The Food Stash Is Mine, All Mine

Woman looking at candy

I am a pretty generous person in most areas of my life. Well, I am now. However, there was a time when I was generous with most things except for food.

As a size 28, morbidly obese wife and mother to three small children, I had many roles. I was a chauffeur to my kids, a “vet” to our dog, a stand-in doctor for my kids little boo-boos, and guardian of all food.

I was responsible for the grocery shopping, I alone planned and prepared all the meals we ate at home, picked out the restaurants we ate at, and decided what food did or did not make it in the house.

I suppose that role of “food keeper” is pretty typical for moms these days.

What made my “food keeper” role less typical was my protective attitude toward the food in the house.

My grocery store trips included time spent selecting the necessary ingredients for the breakfast, lunches, and dinners I had planned. But, while I was strolling up and down the grocery store aisles, I would also be shopping for some special foods for my enjoyment only.

Of course ,these special foods were not grapes, salad, carrots, or other healthy food, but instead those special foods were chocolate covered peanuts, flavored chips, chewy cookies, and any other package of junk food that struck my fancy.

If I had some of the children with me when I was shopping, they would ask if they were going to get some of my special food. I’ d say, “Yes, honey, you can have a few pieces of candy when we get home.” However, I knew that as soon as I got home that candy would disappear into the high reaches of the pantry where my little daughter would forget about it. You see, I did not want her  (or any of the other members of my family) to find my candy/junk food stash and make me share it.

After I had hidden the food on a high pantry shelf or in the back of my own closet, I would frequently visit my stash throughout the following days. I remember the feeling of reaching my hand up into the closet, feeling under winter sweaters for the ever shrinking bag of M&M’s. If someone walked in while I was stuffing my face with candy, I’d turn away from them and pretend like I was just walking through the room instead of standing in front of the closet or pantry eating.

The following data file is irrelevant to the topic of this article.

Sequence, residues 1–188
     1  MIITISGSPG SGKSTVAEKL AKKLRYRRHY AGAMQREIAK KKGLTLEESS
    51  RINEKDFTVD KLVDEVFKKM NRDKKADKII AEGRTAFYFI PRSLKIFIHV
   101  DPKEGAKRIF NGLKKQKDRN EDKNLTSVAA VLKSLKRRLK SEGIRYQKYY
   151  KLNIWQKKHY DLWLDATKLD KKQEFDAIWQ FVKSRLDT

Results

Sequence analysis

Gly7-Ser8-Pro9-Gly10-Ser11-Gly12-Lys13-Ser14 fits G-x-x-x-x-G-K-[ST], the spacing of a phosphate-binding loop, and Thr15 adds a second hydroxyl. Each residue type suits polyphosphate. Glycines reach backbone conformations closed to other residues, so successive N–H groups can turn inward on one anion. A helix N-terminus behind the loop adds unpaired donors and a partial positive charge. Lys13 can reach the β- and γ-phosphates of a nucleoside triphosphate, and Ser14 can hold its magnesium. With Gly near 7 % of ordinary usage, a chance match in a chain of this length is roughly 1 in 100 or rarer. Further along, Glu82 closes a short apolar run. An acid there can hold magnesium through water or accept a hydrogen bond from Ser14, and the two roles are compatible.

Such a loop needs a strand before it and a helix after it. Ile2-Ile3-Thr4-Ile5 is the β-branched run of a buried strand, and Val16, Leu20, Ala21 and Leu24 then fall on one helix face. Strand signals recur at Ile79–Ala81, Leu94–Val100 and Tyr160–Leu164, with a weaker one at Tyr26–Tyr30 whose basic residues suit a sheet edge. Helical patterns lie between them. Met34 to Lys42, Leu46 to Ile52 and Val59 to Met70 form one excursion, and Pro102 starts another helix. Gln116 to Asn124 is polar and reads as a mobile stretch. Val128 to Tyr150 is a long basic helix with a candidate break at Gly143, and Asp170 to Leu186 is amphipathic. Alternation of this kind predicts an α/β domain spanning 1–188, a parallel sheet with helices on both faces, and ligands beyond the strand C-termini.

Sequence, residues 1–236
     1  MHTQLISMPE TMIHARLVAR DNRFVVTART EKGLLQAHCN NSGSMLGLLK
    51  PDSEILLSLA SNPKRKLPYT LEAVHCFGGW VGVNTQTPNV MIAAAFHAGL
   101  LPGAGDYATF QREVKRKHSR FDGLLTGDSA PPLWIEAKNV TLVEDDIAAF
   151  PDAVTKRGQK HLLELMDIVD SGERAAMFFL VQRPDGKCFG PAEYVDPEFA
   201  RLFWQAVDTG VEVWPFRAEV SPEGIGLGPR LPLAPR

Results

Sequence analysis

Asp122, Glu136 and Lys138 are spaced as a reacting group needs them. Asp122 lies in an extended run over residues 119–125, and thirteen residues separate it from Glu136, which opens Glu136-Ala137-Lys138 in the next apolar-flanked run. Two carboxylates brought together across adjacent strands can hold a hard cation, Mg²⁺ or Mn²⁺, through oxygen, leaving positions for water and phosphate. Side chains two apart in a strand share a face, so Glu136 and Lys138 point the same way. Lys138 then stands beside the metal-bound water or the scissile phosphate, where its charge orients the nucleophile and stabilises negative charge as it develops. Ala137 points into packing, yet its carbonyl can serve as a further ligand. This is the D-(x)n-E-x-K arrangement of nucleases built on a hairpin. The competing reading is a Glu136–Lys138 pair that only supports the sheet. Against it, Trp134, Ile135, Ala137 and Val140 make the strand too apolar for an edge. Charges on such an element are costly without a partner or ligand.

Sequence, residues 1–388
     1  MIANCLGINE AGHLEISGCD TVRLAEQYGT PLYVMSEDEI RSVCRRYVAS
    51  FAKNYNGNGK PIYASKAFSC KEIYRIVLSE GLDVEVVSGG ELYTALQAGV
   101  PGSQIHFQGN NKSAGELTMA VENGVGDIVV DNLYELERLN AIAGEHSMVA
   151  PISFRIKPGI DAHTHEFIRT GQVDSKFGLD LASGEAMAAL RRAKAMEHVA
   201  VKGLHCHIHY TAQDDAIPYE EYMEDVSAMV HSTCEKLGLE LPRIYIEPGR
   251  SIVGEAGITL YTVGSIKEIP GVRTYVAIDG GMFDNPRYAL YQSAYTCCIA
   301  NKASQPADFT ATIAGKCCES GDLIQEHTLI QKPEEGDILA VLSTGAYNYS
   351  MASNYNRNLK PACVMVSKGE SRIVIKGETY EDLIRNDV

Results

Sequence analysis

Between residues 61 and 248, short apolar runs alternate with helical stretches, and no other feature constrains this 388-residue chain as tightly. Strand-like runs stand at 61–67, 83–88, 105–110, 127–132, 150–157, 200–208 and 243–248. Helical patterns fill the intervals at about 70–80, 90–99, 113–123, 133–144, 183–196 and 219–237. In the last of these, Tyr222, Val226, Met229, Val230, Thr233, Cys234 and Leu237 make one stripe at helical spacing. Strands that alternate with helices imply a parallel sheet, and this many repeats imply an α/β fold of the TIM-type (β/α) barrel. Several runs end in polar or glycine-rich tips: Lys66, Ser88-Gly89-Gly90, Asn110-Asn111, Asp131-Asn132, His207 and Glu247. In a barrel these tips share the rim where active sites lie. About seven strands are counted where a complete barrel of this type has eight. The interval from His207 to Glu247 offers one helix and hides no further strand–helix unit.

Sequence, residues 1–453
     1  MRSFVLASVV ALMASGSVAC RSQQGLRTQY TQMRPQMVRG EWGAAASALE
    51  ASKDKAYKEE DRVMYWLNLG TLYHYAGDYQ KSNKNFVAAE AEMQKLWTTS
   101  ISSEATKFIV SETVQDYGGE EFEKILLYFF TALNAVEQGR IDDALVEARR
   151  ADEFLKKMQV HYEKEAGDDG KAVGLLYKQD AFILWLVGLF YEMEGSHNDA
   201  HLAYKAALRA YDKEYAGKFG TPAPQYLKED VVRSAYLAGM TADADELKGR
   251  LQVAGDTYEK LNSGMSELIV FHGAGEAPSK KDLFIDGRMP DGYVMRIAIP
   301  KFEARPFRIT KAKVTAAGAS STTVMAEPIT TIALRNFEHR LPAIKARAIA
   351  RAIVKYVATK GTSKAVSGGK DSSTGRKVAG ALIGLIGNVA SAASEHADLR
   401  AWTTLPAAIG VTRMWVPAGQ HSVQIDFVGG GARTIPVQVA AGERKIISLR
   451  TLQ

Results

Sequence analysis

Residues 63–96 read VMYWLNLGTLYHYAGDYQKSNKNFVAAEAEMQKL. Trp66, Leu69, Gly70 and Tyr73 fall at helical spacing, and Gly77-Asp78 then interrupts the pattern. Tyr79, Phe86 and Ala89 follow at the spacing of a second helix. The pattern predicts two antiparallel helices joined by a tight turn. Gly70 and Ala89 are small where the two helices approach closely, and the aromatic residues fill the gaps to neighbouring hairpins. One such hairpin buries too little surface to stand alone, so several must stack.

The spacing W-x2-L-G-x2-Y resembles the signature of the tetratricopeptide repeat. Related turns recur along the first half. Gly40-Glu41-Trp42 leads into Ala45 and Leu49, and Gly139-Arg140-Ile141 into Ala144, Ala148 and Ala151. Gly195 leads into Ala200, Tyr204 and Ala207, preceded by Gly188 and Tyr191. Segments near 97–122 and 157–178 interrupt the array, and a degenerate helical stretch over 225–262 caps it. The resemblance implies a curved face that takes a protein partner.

Occasionally John would find my stash while looking for something and would ask where the food came from. I’d take a step back and try to appear casual as I lied. I would tell him something like, “Oh, I bought that bag months ago for the birthday party. Good you found it so it doesn’t go bad.” He would just nod briefly and walk away. He told me later that he knew I was lying but did not want me to feel bad, so he did not confront me.

As for me, I would think about that candy he had discovered and worry that he would get that bag and eat some of my candy. Sad, isn’t it?

Even more sad, perhaps, was the fact that I even watched the food at dinner time. I always hoped that there would be enough for me to have seconds or thirds after everyone went to bed, and was a little disappointed if there were no leftovers.

When I finally got to the point where I was tired of living like that, I made a 180 degree turn.

I stopped buying junk food for me or anyone else at the grocery store.

All food in the house was in the pantry, freely seen, and freely accessed by everyone.

At dinner, I stopped worrying about what I would eat after dinner and instead stayed in the moment and enjoyed the meal.

If you are reading this and have experienced these types of feelings or done some of these things, know that you are not alone. Countless men and women have told me their own stories of similar feelings and behavior. When someone asks me what to do about feeling possessive of food or hiding food, I tell them that although it is hard, it is possible to change and eliminate this habit.

I changed this bad habit by finally putting food in its proper place in my life. Food wasn’t for soothing feelings, relieving stress, or as a companion when I was bored. Instead I tried to look at food as a joyous part of a full life. This took a lot of effort and diligence and did not come overnight.

As I changed my attitude toward food I saw many positive changes in my life, and you will too.

Have you ever felt possessive about food or been tempted to eat in secret? Diane 

<p>Image courtesy of Ambro <a href=”http://www.freedigitalphotos.net” target=”_blank”>FreeDigitalPhotos.net</a></p>

45 thoughts on “The Food Stash Is Mine, All Mine

  1. HappinessSavouredHot says:

    Apparently, one sign you have a problem with alcohol is when you hide your consumption from others. Guess it applies to food too.

    It’s not just obese people that are affected. It’s happened to me.